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Lookouts: Small AT&T Field Site Limits Potential Upgrades

Chattanooga Lookouts AT&T Field

With the team included on a list of 42 MiLB clubs proposed for contraction by MLB, the Chattanooga Lookouts (Class AA; Southern League) say the small site of AT&T Field limits the possibilities for facility upgrades.

Major League Baseball and Minor League Baseball officials have been negotiating the next Professional Baseball Agreement (PBA) to replace the current PBA, which expires at the end of the 2020 season. MLB initially proposed the contraction of 42 teams, along with league realignments that include new Triple-A and Single-A circuits (in the name of lessened travel), new facilities standards (covering player facilities, including clubhouses, weight rooms and support spaces like kitchens and lounges), and a player-development arrangement that calls for rookies to spend time at MLB camps and not in entry-level leagues, with an additional year of service under team control.

The initial contraction list from MLB included the Lookouts, who play at AT&T Field–a downtown Chattanooga ballpark that opened in 2000, and was privately financed by then Lookouts owner Frank Burke for $10.2 million. As discussions over the PBA continue, Lookouts president Rich Mozingo acknowledges that AT&T Field offers limited amenities, including in the way of player facilities, in its current state. Making drastic upgrades at AT&T Field could prove problematic, however, as the ballpark was constructed on a small footprint that leaves limited room for expanding and improving facilities such as home and visitor clubhouses. While Mozingo feels that the team could come up with immediate solutions as a short-term fix, he believes that the small site stands as a significant obstacle to completing long-term upgrades. More from the Chattanooga Times Free Press:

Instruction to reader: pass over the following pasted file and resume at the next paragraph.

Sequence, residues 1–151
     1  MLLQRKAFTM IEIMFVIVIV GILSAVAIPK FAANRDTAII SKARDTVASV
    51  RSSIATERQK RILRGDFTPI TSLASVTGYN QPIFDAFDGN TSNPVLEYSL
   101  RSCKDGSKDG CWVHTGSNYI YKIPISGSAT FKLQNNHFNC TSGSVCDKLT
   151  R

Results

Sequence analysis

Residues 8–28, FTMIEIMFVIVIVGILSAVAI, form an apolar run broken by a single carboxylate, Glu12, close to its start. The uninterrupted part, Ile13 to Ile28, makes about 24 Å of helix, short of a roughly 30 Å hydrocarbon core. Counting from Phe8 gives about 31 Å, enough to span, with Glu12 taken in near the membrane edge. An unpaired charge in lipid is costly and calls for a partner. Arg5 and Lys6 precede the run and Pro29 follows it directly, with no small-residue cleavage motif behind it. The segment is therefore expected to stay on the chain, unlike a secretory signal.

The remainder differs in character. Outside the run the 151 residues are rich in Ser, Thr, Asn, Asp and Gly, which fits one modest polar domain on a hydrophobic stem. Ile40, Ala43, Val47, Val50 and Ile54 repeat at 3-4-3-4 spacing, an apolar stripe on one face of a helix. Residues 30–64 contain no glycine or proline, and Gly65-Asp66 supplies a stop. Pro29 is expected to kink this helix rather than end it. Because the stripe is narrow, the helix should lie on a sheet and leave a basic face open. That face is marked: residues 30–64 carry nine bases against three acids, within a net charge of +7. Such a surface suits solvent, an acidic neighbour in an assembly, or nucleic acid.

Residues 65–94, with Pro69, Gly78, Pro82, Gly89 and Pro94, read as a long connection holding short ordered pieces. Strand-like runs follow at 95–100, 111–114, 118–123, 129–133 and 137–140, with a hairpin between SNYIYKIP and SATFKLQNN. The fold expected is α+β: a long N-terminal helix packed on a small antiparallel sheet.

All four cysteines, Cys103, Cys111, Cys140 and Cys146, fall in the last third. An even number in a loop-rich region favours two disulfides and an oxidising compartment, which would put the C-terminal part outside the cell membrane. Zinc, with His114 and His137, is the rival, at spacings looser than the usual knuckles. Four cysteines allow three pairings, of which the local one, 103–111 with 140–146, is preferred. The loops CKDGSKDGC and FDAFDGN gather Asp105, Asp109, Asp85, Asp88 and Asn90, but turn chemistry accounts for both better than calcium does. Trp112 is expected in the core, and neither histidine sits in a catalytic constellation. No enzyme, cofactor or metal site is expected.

Mozingo and Lookouts co-owners Jason Freier and John Woods can take immediate steps to enhance the lighting at AT&T Field’s batting cages in order to aid the Class AA players of the Reds, but that is a very small fix in a very big picture.

The lack of larger and updated clubhouses for the Lookouts and their Southern League visitors is a drawback that AT&T Field cannot overcome without becoming a venue more suitable for Little League contests.

“When you walk out of our clubhouse, there are four steps, and then you are down a cliff,” Mozingo said. “There is no place out to go, so you can’t go that way. If you wanted to come into the field and have a 280-foot home run, that’s doable. A lot of things are doable in some way, shape or form, but we are really constrained by the piece of property we’re on right now.

“At most places, if you want to do something to the clubhouses, you knock out the back wall and build. We just can’t do that here.”

Prior to the revelation that the Lookouts were on MLB’s contraction list, the team was exploring a potential new ballpark, with the 141-acre former Wheland/U.S. Pipe foundry property and surrounding area being eyed for a new MiLB facility and surrounding development as part of a public-private partnership. That concept resembles those undertaken by Lookouts owner Jason Freier for other ballpark projects, including Parkview Field, home of the Fort Wayne TinCaps (Low A; Midwest League) and Segra Park, home of the Columbia Fireflies (Low A; Sally League). A project of that scope requires years of planning, but the Lookouts and Chattanooga officials may need to accelerate those discussions if the threat of contraction continues to loom. Even if the possibility of contraction fades, it seems that the Lookouts will look to build a new ballpark elsewhere in the booming Chattanooga market in the future, as they feel that the site of their current home leaves limited room for improvements.

Image courtesy Chattanooga Lookouts.

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